Compared to the Hawke/Keating coup of 1991, the information revolution means that this time it was possible to track this what was happening in near real time. The place to be was on Twitter — in part for the amusing comments, but if you follow the right people — in this case the senior political journalists, it’s by far the quickest way to find out the latest developments.

In this case, the (unconfirmed at the time, of course) news of what had happened in this morning’s caucus vote came from The Australian’s Samantha Maiden, a good few minutes before it was officially announced:

Labor Mp text: it’s Julia no ballot #spill

(I’d love to tell you precisely what time that was compared to the announcement, but bloody Twitter won’t tell me that. Judging from an email I sent straight afterwards, the Tweet was at about 9:27.

Edit: Tweetdeck does tell me the exact times. The announcement was around 9:35.)

Congratulations, Prime Minister Gillard. Now, let’s see you act on the things people care about, and the reasons people voted Labor in 2007 — as well as the things we most definitely didn’t vote for.

In the former category, action on Climate Change is the biggie that Rudd dropped the ball on — and something Gillard specifically mentioned in her speech. In the latter, it’s time to accept that Stephen Conroy’s Net filter plan is something that nobody voted for, admit it’s a flawed idea, and to scrap it.

Australian Age CNN BBC

Update 6:30pm Spotted this advert for Jetstar in MX on the way home:

Ha ha Jetstar ad in MX #spill on Twitpic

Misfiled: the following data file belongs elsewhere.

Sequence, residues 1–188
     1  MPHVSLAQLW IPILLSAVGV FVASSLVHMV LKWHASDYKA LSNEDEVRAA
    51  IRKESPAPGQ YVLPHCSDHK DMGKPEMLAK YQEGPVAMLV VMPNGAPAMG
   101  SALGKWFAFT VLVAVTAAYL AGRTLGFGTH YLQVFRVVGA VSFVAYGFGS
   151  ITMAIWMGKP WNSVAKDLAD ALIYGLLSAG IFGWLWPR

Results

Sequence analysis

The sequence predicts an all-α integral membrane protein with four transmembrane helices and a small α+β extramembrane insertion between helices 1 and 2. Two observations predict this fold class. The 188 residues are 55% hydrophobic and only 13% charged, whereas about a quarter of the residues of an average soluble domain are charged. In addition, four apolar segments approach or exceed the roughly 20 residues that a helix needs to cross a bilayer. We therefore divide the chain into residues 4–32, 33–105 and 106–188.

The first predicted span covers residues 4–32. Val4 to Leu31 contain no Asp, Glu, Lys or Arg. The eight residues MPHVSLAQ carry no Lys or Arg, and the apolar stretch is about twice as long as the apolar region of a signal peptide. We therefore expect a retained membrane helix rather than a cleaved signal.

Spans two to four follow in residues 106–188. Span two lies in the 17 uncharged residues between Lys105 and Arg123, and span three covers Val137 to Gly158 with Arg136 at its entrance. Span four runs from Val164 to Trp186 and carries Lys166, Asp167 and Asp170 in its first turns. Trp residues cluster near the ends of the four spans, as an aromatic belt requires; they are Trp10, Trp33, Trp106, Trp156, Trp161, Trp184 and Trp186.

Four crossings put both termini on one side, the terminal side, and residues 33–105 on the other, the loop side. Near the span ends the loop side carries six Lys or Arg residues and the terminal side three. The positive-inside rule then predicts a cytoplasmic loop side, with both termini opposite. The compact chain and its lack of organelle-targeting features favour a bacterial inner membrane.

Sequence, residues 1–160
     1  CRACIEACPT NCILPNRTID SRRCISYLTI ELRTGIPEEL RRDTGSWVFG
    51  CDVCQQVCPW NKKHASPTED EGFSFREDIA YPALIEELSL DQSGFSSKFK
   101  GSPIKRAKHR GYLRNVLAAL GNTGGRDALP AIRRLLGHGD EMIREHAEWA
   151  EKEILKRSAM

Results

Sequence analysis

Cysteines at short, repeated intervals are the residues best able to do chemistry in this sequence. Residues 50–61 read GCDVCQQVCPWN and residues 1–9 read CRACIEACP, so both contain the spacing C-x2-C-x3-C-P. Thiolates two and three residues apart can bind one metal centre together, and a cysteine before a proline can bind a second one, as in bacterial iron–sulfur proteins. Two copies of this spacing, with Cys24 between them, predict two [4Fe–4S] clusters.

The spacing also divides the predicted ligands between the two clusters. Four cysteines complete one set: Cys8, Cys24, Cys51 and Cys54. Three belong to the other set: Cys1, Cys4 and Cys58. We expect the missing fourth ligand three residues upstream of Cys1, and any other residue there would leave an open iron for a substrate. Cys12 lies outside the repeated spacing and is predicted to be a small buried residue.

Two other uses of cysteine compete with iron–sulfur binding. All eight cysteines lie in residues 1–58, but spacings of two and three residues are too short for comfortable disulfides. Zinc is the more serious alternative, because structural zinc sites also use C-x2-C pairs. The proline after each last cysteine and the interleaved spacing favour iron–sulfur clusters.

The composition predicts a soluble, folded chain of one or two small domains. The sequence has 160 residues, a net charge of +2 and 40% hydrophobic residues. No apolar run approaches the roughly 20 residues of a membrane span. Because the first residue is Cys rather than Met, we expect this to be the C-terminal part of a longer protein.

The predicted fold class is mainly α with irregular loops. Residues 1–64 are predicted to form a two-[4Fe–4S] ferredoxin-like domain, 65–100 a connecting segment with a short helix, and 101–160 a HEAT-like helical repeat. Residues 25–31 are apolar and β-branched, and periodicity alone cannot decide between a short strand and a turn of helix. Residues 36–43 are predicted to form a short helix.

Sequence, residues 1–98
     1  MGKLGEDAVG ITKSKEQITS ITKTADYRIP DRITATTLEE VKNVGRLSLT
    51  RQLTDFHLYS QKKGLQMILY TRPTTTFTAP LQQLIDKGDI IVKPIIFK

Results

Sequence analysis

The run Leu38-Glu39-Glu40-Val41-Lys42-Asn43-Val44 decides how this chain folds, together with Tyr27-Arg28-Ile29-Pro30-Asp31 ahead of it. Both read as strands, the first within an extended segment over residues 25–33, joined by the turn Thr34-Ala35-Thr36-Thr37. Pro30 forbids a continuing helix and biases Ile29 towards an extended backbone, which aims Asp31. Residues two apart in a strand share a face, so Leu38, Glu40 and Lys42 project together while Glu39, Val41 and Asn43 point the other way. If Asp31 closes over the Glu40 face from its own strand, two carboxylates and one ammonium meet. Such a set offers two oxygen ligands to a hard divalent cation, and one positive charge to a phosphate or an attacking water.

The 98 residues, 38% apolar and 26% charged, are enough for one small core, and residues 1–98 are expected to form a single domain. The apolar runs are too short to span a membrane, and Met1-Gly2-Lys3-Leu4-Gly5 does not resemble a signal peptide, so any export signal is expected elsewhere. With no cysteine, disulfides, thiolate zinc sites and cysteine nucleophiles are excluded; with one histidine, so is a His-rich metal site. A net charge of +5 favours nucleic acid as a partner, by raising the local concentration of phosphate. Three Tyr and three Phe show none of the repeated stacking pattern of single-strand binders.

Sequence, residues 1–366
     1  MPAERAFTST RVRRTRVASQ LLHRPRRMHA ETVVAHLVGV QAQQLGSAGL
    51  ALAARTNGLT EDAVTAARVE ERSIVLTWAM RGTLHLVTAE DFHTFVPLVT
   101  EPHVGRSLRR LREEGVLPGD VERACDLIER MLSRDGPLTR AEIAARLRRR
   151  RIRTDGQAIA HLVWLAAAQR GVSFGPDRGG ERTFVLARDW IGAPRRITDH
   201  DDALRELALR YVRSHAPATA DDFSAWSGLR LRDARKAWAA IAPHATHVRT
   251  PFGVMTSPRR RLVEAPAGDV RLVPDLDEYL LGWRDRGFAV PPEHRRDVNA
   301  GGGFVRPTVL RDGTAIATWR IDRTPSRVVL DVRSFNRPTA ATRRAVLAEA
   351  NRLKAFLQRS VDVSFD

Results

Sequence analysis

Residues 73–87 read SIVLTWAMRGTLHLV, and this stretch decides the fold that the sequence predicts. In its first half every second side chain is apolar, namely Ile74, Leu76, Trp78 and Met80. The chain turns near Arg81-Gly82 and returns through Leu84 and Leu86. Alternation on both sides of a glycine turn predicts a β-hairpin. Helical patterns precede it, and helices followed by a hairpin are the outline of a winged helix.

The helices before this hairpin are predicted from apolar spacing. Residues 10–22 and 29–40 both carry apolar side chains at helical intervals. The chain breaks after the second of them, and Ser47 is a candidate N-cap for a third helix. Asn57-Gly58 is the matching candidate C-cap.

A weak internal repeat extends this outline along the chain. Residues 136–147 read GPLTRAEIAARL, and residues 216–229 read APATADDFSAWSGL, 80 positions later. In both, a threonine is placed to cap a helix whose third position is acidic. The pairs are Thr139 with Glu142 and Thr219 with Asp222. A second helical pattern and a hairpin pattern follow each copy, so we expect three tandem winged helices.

Thoughts on tax

The tax return

My 2008-09 tax return took ages to come back. What happened to it? An old fashioned IT screwup:

We know some people have experienced delays and frustration caused by our essential systems upgrade. Unfortunately, the size of the systems we deal with means they are incredibly complex. Also, given the importance of the tax and superannuation systems to Australia, we need to ensure the reliability of our processes.

Australian Taxation Office

Apparently an investigation has been started, though on the bright side, other than wondering why it was taking so long, it didn’t cause me any heartache.


The Henry Review and the government response were released on Sunday.

I had hopes there’d be some genuine, wide reform. Certainly Henry noted a lot of different options, some 138 recommendations in all.

With my PT hat on, the one I was watching most closely for was a rollback of the ridiculous fringe benefits tax on cars, which has a sliding scale which encourages people to drive further — and is costing taxpayers more than $2 billion per year. Henry recommended making it a flat 20% (compared to the current 7% to 26%). The government has been silent on this one though.

How about the idea of the optional tax return?

Tax returns would be made simple and effectively optional by giving everyone a automatic standard deduction for work expenses, freeing most employees from the need to prepare a return, ”instead allowing them to lodge a default return prepared by the tax office”.

Taxpayers who wanted to claim more ”would still have the option” of submitting receipts. Mr Swan said yesterday he was ”attracted to the idea” of making tax returns simpler and hinted he would announce changes soon.

The Age

Being a lazybones, I love that. I hope they do it. (Though actually I’d want to claim my donations.)

But overall, the government’s response seemed like a fizzer. Only about 10 of the 138 recommendations will be implemented — and they’ve specifically ruled out 18.

Sure, a few changes are being made, and the miners aren’t happy obviously about their new tax. (Can’t remember where I saw it, but one wag wondered how the miners might move operations offshore if it involved digging stuff out of the ground.)

But in terms of really making a difference, really simplifying the tax system, it’s ardly the kind of revolutionary reform we might have expected.

Well at least, not yet. We’ll see what happens after the election.

Working families

You can tell how much spin is going on from the number of times the tired old cliche of “working families” gets mentioned.

The count from Rudd’s interview on AM on Monday morning: 5 in an 8 minute interview.